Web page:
How Will International Stocks Perform in 2018?

What to Expect in 2018 and Beyond

Photography by ZhangXun / Getty Images.

The global stock markets have been strong performers moving into 2018, with the Vanguard MSCI EAFE ETF (NYSE: VEA) rising more than 20 percent in 2017. While economic growth rates have been healthy, some investors are concerned over lofty valuations in the United States and the many political risks abound. The upshot is that most international investors believe that the economy is more resilient than in past years and diversification can stave off many risks.

Broad Growth Worldwide

The global economy is experiencing unusually broad and synchronous growth rates heading into 2018, according to the OEDC’s Economic Outlook. While every single one of the world’s 45 major economies grew in 2017 and is expected to grow in 2018, annual growth rates remain below pre-crisis period and that of past recoveries. Longer-term challenges have inhibited stronger, more inclusive, and more resilient economies.

Employment rates in many OEDC economies are above pre-crisis levels, but these trends haven’t produced real wage gains, as of early 2018. Without wage growth and inflation, the OEDC believes that growth across these countries will weaken in 2019. There are also high levels or corporate and household debt created by low interest rate environments, which raises questions about the sustainability of growth over the coming years.

The OEDC forecast slower growth rates in 2019 for most countries, but India was an important exception.

The group forecast that India grew at 6.7 percent in 2017 and will pick up to 7 percent in 2018 and then 7.4 percent in 2019. These trends are driven by reforms that are expected to boost investment, productivity, and growth. Brazil and Russia are also expected to exit their recessions, while the United States will slow to 2.1 percent in 2019.

Low Correlation and Volatility

Global stock market correlations have returned to more normalized levels after reaching record high correlations following the 2008 financial crisis. In fact, equity correlations are the lowest that they’ve been in over 20 years across the G20. For instance, the U.S. stock market has been a strong performer, which European stocks have been trading at a growing discount, despite favorable macroeconomic conditions, cheaper valuations, and a lower currency valuation.

At the same time, volatility has remained low across many global stock markets. The Chicago Board Options Exchange (CBOE) volatility index has trended below 10.0 in at year end, which is less than half of its long-term 20.0 average in the United States. It’s worth noting that some of the low volatility may be attributable to sector-related variance, which means that the low headline number may be masking declines in some sectors.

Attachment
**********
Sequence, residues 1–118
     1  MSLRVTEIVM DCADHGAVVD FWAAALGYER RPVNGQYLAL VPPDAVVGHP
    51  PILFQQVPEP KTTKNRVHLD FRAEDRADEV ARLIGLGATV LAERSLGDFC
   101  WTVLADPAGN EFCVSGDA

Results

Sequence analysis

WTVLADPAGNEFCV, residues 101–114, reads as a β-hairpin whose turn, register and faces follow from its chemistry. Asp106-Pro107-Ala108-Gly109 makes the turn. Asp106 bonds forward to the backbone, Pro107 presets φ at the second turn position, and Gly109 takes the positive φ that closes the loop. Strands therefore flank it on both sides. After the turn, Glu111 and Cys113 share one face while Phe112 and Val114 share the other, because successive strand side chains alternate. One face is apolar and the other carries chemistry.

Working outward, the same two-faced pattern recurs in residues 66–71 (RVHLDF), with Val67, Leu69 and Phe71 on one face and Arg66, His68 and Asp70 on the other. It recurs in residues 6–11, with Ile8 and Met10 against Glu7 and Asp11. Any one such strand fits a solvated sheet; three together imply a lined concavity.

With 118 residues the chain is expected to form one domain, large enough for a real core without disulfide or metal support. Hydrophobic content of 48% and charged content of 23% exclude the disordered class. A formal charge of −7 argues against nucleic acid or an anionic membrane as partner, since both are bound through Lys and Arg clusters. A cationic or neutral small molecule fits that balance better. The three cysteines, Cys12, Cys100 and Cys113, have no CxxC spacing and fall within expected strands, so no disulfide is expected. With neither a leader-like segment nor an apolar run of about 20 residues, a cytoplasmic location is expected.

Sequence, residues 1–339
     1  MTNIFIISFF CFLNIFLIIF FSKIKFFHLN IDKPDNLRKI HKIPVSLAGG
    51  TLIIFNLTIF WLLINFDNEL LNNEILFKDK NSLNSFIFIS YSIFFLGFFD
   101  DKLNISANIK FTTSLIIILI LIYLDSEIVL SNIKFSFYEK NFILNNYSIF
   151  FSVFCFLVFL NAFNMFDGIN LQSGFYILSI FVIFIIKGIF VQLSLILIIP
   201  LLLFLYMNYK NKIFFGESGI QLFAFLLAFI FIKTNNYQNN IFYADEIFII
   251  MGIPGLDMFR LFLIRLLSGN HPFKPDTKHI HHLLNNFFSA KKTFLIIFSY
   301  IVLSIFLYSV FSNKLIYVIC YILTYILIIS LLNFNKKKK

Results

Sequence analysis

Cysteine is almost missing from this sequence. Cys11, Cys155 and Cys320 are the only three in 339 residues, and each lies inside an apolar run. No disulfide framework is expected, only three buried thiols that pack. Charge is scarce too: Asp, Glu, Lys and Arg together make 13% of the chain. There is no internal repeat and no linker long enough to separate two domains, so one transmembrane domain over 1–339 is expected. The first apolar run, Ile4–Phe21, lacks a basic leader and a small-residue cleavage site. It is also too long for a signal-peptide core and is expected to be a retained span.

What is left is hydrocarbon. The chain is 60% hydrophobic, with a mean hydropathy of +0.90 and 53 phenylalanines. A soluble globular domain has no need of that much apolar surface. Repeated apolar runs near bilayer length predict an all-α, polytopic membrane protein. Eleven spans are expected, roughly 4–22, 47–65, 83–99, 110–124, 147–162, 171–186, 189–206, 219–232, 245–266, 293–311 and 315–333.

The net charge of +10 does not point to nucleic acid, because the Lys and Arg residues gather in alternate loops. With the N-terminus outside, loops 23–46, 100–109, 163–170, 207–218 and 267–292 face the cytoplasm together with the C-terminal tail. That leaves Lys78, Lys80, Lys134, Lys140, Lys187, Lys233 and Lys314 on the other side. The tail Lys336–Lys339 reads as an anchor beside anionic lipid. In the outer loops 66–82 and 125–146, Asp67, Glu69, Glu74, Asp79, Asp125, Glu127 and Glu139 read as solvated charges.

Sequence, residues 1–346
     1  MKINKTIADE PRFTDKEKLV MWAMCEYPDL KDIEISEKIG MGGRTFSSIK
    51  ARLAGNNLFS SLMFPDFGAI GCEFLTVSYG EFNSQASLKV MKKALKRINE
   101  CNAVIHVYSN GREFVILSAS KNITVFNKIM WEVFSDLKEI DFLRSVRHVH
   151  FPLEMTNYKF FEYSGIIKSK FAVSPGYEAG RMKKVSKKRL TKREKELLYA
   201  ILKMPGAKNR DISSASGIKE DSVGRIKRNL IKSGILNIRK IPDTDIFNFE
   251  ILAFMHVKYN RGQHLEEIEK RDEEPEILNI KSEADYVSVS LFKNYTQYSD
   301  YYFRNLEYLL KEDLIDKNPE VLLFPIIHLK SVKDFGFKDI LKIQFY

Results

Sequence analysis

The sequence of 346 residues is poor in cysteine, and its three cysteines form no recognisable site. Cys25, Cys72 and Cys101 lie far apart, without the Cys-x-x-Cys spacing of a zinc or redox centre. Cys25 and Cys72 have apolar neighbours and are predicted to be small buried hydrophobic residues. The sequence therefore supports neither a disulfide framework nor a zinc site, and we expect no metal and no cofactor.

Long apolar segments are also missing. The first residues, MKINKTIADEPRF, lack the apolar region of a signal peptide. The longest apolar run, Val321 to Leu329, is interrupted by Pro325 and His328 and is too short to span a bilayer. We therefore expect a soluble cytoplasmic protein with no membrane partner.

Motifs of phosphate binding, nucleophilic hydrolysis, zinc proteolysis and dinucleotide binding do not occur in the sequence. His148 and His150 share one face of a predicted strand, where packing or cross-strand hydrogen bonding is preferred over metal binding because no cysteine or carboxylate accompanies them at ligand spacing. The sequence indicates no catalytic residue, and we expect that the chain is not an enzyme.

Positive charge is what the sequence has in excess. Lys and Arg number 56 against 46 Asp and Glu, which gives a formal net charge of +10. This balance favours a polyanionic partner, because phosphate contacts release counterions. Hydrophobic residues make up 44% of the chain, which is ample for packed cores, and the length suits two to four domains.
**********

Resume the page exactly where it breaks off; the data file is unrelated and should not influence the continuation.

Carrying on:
The risk of political, central bank, and military threats haven’t disappeared, but investors believe that the global economy isn’t as exposed to these problems as it was in the past. A conflict with North Korea could have a big impact on the markets, if it occurs, but a bigger risk may be central bank tightening without inflation, which could lead to slower growth and other issues that could lead to problems for equity and bond markets.

Tips for Investors

The low correlations between global equity markets means that international investors may benefit from diversification. After all, they could benefit from less volatility in their portfolio without sacrificing returns given the broad economic growth worldwide. Diversification may also be a smart move if the global economy experiences a near-term recession from depressed wages or the potential for a debt-related financial shock.

Investors should also ensure that they rebalance their portfolio on a regular basis. For example, the strong U.S. stock market performance means that many international investors could be overexposed to U.S. stocks at the end of 2017. Shifting more assets into European stocks could benefit them if valuations even out between the U.S. and Europe. The added benefit is that the portfolio is better diversified in the event of a global downturn.

The best way to invest evenly across global markets is using international exchange-traded funds (ETFs) or mutual funds that maintain asset allocations automatically. For example, the Vanguard MSCI EAFE ETF (NYSE: VEA) provides exposure to non-U.S assets, including 54 percent exposure to Europe, 38 percent exposure to Asia, and eight percent exposure to non-U.S. North American markets, such as Canada and Mexico.